Coping with Grief During a Divorce

No one gets married believing they will get divorced. As a result, the death of a marriage, like any other death, comes complete with the five stages of grief. Every member of a family involved in a divorce will pass through the stages at a different pace. Whether parent or child, you are going to feel denial, anger, bargaining, depression and acceptance, and you might go through some of these phases multiple times. Although there is no way to avoid this, using a mediator to navigate your divorce can help manage your and your family’s grief.

Reducing Hostility

Because a divorce mediator works to represent both parties, mediation reduces the hostilely sometimes created by opposing lawyers. Mediators are trained at renegotiating conflict and reducing anger, which can, in turn, reduce stress. Overcoming these negative emotions will increase the capacity of you and your family to deal with your grief in a healthy manner.

Normalizing Grief

You and your spouse may not be in the same stage of grief when you agree to a divorce. Mediators are trained to recognize the emotion in its various stages and normalize it by explaining how common it is as part of the divorce process. Normalizing grief also helps a mediator build trust that will be advantageous later as you and your spouse negotiate more difficult topics.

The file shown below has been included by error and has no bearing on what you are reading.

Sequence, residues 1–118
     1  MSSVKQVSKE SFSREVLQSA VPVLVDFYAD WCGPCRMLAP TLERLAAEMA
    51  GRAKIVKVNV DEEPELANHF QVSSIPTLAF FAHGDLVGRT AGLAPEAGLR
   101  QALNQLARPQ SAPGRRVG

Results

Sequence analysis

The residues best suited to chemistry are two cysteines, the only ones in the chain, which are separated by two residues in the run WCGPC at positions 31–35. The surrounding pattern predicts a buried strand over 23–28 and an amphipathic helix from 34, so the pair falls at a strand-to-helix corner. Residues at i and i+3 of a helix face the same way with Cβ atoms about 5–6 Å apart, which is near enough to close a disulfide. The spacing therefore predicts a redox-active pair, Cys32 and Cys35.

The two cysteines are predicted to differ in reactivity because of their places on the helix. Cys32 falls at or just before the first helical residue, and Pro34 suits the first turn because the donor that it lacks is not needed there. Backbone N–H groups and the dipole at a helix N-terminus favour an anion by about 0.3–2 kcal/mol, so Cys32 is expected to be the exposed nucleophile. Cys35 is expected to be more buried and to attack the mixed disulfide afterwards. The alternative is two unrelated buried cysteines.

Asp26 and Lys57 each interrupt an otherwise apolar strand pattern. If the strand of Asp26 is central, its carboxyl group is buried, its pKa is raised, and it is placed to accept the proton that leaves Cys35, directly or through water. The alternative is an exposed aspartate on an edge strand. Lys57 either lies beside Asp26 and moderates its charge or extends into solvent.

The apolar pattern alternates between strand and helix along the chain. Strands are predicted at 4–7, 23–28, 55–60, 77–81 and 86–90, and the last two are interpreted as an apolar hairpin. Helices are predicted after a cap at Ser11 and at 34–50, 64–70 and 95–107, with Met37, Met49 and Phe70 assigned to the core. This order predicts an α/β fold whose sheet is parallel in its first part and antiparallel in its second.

Recognizing Emotional Roadblocks

In some cases, you or your spouse may be “stuck” in a stage of grief that is affecting judgment during the divorce negations. Because of the trust built early on, a mediator can refer the parties to appropriate counseling for assistance so the divorce can continue with both parties on equal footing.

Divorce is a stressful and emotional process. Using a mediator, instead of adversarial lawyers, is a responsible way to navigate the process in a manner that recognizes the difficult emotions involved and helps your family deal with its grief.

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